End of the half season, so no more Doctor Who till Christmas. I don't think I've much non-spoilery to say so I shall fill up the bit that'll show up on facebook/G+ with a bit of meaningless wittering, like so. Perhaps after this sentence that'll be sufficient? Spoilers ahead. Mouse over text to read or read on entry page:
That wasn't the only resonance with their entire story arc that made this such a fitting ending. There was also the "time can be re-written" thing that's run throughout their seasons - not just the first one where that was the actual obvious theme (the one with the crack), but also how Melody their daughter grew up with them. Except that has always come with costs, and this time they reached the point where they couldn't re-write it any more without paying too large a price. Another resonance was old Rory waiting, again, for Amy and not dying till he saw her that one last time. And they also made explicit the Rory dies but comes back trope which has been part of the re-writing time theme.
I liked the way the fixed point stuff was built up. Don't read ahead, because then you can't change it - if you don't know then the future is fluid, it crystallises & solidifies when observed. And it built up in multiple iterations, "why do you have to break mine?" is first only bad because of what Amy could've accidentally read instead, then it's bad because of what it is. And we move from there to the chapter headings, which have their own fakeouts ("Death at Winter Quay" wasn't just old Rory's death, Amelia's last farewell was to River and the Doctor not to Rory) and aren't as spoiler free as the Doctor had hoped for. And finally the headstone which sealed Rory & Amy in the past to live out their lives. Rescuing them now would cause a paradox and that would destroy New York. So the Doctor (and even River, probably) can't go and visit because then he'd probably be far too tempted to take them away for just a quick trip and if they die somewhere that's not Manhattan at the ages of 82 & 87 then *bang*. They're only trapped and lost forever because that's the moral choice, not because they're unrescuable. Which makes it more poignant, I think.
And an interesting counterpoint to Ten & Rose - Ten burned up the energy of a star to talk to Rose one last time in the other universe. But Eleven and Amy & Rory aren't going to risk blowing up New York for the sake of another few years. Lower price, higher reward, but still not considered.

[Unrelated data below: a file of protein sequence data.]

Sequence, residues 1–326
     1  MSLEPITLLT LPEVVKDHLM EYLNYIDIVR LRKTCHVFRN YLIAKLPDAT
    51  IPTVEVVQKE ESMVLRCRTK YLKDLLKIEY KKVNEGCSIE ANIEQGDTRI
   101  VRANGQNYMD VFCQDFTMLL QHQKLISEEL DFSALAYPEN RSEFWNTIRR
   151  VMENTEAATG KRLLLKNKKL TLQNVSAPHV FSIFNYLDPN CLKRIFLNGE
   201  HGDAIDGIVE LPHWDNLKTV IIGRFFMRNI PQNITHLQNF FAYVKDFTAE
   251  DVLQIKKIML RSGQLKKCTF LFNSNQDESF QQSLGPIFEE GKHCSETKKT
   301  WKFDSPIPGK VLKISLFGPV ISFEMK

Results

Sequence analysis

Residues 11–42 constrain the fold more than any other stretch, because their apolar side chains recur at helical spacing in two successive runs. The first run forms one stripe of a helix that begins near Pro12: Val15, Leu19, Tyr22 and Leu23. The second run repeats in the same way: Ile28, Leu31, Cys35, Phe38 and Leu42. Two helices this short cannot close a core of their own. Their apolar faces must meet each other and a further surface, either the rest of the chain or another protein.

Very thematically appropriate for it to be the Weeping Angels. They weren't there just because they're the monsters that send people back in time. They were there because as long as you're looking they can't move. Solidified. I think this was a better successor to Blink than the other Angels one, because it went back to them sending people back in time, and because they went back to creepy.
One thing I'd seen mentioned elsewhere on the web between last week & this week was that perhaps the Doctor was visiting Amy & Rory out of order - there was some mention of his age in one episode, and some adventure mentioned earlier than we see Amy & Rory doing it (to do with Henry VIII). That wasn't really touched on this week (if it even exists). It does make me wonder if the Doctor that stays with Amy & Rory in the last episode (The Power of Three) is in fact not long after he loses them in his timeline - he does make a point of saying he missed them. And then his reaction to her asking why it's so long between visits in Dinosaurs on a Spaceship one isn't because he is or isn't weaning them off him but because now she's said that he can't go back to fill in the gaps. Spoilers solidifying time.
Or perhaps that's all a load of rubbish & it either isn't even happening, or will be touched on in the next half of the season ;)
Another thing that may or may not mean anything - Amy suggests in the afterword that the Doctor won't be "coming back here soon" ... does that mean the next Companion won't be from 20th or 21st Century Earth? That'd be a nice change.